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Takeaways from New Hampshire: How much of an effect did sticky stuff have?

Consider our Takeaways feature to be the home of our random and sometimes intelligent musings. Sometimes the post may have a theme. Sometimes it may just be a mess of unrelated thoughts. Make sure you tweet us your thoughts after the race or email your post-race rants via the link in the signature line below.

• If you watched all or part of Sunday’s race at New Hampshire, you know there was sticky stuff on the track in the lower and upper grooves. Talk about the product was unavoidable.

But … did it work? And if it did, just how better did it make the racing?

“I don’t know if the compound made things any racier,” Brad Keselowski said after exiting his car. “It was certainly different but I don’t know if it was — I have to think about that one.”

It was certainly different watching the race. New Hampshire’s preferred lane is one groove off the apron of the track. Immediately as the race started, drivers on the outside put their right-side tires on the high groove application of traction compound while drivers on the inside put their left-side tires on the low groove application.

And while the existence of the traction compound was noticeable during the early stages of the race, some drivers said it wore off as the race went on.

“I think it really kind of disappeared pretty early. The bottom lane had a little more grip than the top lane,” Danica Patrick said. “The top lane was just there from the beginning. Instead of it being the second lane it was the third lane. Did [the compound] widen it out more so you could take the bottom, kind of slide down, come back off early in a run when tires were better? Yeah. But it was still basically the same and still hard to pass.”

Kyle Larson, who finished second, said he saw a noticeable difference in the quality of racing, especially after restarts.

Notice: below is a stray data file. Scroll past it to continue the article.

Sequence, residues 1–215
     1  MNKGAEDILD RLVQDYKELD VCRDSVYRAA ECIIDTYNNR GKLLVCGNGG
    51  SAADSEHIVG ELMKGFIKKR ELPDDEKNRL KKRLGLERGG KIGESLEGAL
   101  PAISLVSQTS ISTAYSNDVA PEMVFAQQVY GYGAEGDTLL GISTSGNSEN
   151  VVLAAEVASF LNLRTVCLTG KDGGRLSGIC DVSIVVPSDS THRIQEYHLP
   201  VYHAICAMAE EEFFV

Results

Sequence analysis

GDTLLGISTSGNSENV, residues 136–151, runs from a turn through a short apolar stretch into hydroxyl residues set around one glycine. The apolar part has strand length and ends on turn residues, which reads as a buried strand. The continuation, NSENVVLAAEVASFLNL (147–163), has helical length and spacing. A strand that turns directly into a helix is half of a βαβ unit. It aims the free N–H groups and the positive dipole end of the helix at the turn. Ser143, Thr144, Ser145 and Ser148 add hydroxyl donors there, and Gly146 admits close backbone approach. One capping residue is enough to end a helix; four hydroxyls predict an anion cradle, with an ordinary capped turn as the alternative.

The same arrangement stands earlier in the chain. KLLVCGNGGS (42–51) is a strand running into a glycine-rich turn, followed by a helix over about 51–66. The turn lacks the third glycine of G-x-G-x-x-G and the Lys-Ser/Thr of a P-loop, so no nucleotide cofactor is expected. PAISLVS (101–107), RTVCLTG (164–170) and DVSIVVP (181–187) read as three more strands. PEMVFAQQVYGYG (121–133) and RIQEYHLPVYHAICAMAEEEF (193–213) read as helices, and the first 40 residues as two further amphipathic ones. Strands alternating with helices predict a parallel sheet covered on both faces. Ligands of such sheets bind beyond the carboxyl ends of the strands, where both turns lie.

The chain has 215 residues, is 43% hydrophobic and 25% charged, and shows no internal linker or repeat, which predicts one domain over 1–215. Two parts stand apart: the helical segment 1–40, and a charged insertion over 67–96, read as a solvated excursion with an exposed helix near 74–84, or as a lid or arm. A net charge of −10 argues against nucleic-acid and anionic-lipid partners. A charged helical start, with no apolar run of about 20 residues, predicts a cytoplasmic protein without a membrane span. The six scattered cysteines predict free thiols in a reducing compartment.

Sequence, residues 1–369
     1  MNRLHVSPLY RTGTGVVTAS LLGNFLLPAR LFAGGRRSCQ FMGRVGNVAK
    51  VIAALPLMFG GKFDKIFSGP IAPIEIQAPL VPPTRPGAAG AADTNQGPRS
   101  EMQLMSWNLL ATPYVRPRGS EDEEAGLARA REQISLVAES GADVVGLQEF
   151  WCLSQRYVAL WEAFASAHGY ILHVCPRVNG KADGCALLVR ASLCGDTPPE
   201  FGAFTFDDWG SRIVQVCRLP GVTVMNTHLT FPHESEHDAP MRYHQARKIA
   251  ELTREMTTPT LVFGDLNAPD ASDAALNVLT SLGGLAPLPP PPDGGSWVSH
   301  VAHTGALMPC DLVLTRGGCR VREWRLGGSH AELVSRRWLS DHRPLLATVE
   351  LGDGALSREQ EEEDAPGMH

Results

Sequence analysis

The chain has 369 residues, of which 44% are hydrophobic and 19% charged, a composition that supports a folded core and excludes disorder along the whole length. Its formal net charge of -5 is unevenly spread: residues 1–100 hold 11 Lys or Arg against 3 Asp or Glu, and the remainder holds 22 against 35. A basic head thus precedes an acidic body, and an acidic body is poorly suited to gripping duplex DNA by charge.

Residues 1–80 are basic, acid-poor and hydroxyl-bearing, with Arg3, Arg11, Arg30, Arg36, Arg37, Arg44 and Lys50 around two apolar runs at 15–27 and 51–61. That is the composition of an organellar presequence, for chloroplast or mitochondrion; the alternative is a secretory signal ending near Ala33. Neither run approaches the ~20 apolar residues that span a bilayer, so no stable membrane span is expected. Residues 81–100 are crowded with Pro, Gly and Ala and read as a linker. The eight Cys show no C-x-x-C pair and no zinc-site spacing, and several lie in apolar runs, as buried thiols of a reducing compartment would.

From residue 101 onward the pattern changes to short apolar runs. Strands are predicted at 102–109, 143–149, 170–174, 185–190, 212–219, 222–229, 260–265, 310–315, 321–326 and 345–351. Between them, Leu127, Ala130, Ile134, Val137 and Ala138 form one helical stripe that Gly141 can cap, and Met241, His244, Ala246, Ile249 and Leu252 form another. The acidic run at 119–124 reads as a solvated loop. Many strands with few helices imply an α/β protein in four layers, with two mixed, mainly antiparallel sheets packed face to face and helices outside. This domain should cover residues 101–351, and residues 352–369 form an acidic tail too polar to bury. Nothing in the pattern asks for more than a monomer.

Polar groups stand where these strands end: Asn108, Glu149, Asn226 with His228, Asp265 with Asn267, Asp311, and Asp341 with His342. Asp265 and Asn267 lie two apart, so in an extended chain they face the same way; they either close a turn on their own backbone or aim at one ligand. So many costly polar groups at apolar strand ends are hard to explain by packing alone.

“Restarts were way more exciting, I thought,” Larson said. “I thought you could run three or four different lanes, and a lot of times I found myself in a three‑wide situation.  It was fun.  I normally don’t ‑‑ not necessarily enjoy coming here, but it hasn’t been one of my favorite racetracks because it is so one lane, but today I thought there was a lot of different lanes you could run, and it was all because of the [compound] that they put on the track.”

We’re guessing the sticky stuff will be back on the track for the fall race at New Hampshire. It certainly didn’t negatively impact the racing quality, and NHMS may have a better idea of how to apply it to make it more durable before the fall rolls around.

“It was different and I enjoy different,” Jimmie Johnson said. “It wore off as the day wore on.   An early opinion of it and making it work for you was a bit of a distraction once you got deeper into the race and the adjustments you needed to make on your car. I didn’t see any negatives from it so I think there’s a positive to it and I’ll definitely be interested to hear what the fans have to say about it.”

• While the compound may not have negatively affected the racing quality, it’s fair to wonder if it negatively impacts the quality of the racing surface.

The race was red-flagged between the first and second stages as workers fixed a hole that had formed in turns 3 and 4. In the driver’s meeting before Sunday’s race, NASCAR officials told drivers the track had patched spots in each of the four corners after Saturday’s Xfinity race. That race was also run with traction compound on the track.

Was the combination of hot tires on traction compound helping rip up parts of the track, especially those parts of the track that had asphalt sealer on them? It’s a worthy question to ask.

NASCAR got lucky that the red flag for track repairs was incredibly brief. It can’t afford to have a race delayed by hours as track crews fix a pothole that may be caused because of traction compound on the track. And if traction compound isn’t a very good thing for a track’s surface, it could also speed up the need for tracks to repave.

Dale Earnhardt Jr. stayed out on old tires with 35 laps to go. But he was the only driver to try that strategy.

Predictably, that didn’t work out.

Junior became a rolling chicane as teams with fresher tires swarmed around him and finished 18th with what he said was probably a best-case finish of 10th had he tried a conventional strategy.

“That is kind of risk we’ve got to take,” Earnhardt Jr. said. “We were hoping [Keselowski] and a couple of other guys that were kind of on the same strategy would stay out behind us. But, I knew when nobody stayed out that as fast as that front four or five were it was impossible to hold them off.  We’ve got to take risks though, but hopefully we’ve got a faster car when we are doing it and that might give us a little better shot at it.”

Buried at 21st in the points standings, Earnhardt Jr. isn’t going to make the playoffs on points. He has to do it via a win. So what the team tried Sunday at New Hampshire was necessary. It didn’t work out, but it wasn’t going to work out if the team played the race like everyone else did.

(Getty Images)

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Nick Bromberg is the editor of Dr. Saturday and From the Marbles on Yahoo Sports. Have a tip? Email him at nickbromberg@yahoo.com or follow him on Twitter!